In our earnestness, we say, “When life gives you lemons, make lemonade.”

Ever drink lemon water without a sweetener?

Many people are living paycheck to paycheck — even highly compensated individuals. Being let go can result in immediate financial stress.

This is not to say you shouldn’t provide encouragement about what the future may hold.

Maybe there is something better coming the person’s way, but right now, in this moment of job instability, they are feeling devastated.

Improve your chances of getting noticed by AI on job sites with these tips

This may be a good time to start your own business

Starting a business is no joke. And not everyone is cut out for entrepreneurship.

About 20 percent of private sector businesses in the United States fail within the first year, according to the Bureau of Labor Statistics. The failure rate increases to about 50 percent after five years.

Egging on someone to do something they might not be qualified for can be risky, to say the least.

At least you’re getting a buyout/severance

Anytime you start a sentence with “at least,” just stop.

What you are about to do is minimize what’s happening. The uncertainly of what’s coming financially, trumps the feeling of being fortunate to get buyout funds or a severance payment.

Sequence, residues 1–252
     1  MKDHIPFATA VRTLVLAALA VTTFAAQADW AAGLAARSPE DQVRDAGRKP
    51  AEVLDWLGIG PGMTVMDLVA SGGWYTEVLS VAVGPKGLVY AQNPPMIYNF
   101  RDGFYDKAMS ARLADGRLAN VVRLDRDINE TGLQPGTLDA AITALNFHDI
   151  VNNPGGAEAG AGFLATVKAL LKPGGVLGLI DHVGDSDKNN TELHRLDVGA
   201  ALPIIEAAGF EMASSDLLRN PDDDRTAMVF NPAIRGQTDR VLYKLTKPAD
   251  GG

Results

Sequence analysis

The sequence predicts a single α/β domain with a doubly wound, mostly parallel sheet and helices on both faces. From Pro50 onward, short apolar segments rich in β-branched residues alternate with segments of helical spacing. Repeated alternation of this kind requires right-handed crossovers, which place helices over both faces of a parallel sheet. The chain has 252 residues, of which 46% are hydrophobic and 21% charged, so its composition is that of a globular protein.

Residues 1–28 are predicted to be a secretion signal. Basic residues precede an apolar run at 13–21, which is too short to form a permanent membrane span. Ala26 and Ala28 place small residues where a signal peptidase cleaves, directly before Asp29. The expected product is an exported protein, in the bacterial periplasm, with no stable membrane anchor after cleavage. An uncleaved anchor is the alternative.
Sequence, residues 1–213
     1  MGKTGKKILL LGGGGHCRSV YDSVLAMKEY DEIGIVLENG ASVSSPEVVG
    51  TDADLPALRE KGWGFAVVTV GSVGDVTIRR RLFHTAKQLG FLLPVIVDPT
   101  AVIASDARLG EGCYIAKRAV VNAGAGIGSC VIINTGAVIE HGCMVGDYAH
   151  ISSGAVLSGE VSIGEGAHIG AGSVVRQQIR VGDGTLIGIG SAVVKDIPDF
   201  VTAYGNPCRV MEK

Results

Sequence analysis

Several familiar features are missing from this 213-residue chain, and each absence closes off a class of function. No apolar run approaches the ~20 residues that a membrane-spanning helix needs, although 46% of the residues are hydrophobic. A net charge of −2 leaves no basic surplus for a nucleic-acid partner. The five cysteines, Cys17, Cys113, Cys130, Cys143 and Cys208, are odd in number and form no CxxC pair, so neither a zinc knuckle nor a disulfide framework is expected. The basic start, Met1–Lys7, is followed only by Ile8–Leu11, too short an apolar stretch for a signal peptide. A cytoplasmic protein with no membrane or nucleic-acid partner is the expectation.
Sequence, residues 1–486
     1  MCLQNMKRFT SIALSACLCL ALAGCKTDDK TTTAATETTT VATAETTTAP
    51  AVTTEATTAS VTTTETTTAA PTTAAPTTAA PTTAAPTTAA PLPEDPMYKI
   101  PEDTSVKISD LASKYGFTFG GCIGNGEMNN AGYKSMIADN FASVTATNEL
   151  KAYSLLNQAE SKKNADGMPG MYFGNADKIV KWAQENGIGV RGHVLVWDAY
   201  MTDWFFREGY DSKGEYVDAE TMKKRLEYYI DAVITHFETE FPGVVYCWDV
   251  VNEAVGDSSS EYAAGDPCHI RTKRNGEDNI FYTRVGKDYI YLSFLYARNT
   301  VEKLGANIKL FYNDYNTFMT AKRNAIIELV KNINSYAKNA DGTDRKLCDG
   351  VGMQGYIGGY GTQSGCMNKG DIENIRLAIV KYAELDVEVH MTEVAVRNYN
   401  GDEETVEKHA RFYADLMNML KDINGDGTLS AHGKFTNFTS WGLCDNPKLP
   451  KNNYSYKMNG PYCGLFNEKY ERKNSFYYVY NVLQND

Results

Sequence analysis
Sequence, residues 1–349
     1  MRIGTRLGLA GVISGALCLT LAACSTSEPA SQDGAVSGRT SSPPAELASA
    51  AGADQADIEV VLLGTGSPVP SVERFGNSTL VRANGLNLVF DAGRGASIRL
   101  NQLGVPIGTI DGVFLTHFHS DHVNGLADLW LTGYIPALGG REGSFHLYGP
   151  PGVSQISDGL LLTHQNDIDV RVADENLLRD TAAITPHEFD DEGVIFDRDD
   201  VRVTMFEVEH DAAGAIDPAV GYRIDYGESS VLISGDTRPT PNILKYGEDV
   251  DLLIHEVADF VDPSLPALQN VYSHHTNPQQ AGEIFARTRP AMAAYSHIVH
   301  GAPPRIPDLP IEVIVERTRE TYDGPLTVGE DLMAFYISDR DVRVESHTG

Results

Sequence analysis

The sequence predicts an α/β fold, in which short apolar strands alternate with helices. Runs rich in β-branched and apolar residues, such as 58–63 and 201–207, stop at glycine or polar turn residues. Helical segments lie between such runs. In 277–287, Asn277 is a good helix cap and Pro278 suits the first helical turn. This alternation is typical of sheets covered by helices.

Sure, getting some money is better than getting nothing, but that’s not the point.

People are worried about what happens when whatever they get runs out.

8 ways to combat ageism in your job search

Allow space for people to grieve.

Even for those who land another job right away, the change can still be uncomfortable and unwanted.

People need to feel what they feel.

Just listen. You don’t have to fill the silence with words of wisdom.

It’s okay if they are not okay.

If you want more personal finance advice that’s timeless, order your copy of Michelle Singletary’s Money Milestones.

B.O.M. — The best of Michelle Singletary on personal finance

If you have a personal finance question for Washington Post columnist Michelle Singletary, please call 1-855-ASK-POST (1-855-275-7678).

My mortgage payoff story: My husband and I paid off the house in the spring of 2023 thanks to making extra payments and taking advantage of a mortgage recast. Even though it lowered my perfect 850 credit score and my column about it sparked some serious debate with readers, it was one of the best financial decisions I’ve made.

Credit card debt: If you’re in the habit of carrying credit card debt, stop. It’s just a myth that it will boost your credit score. For those looking to get out of credit card debt, see if a balance transfer is right for you.

Money moves for life: For a more sweeping overview of my timeless money advice, see Michelle Singletary’s Money Milestones. The interactive package offers guidance for every life stage, whether you’re just starting out in your career or planning for retirement.

Test yourself: Do you know where you stand financially? Take our quiz and read more personal finance advice.


Source link


Please enter your comment!
Please enter your name here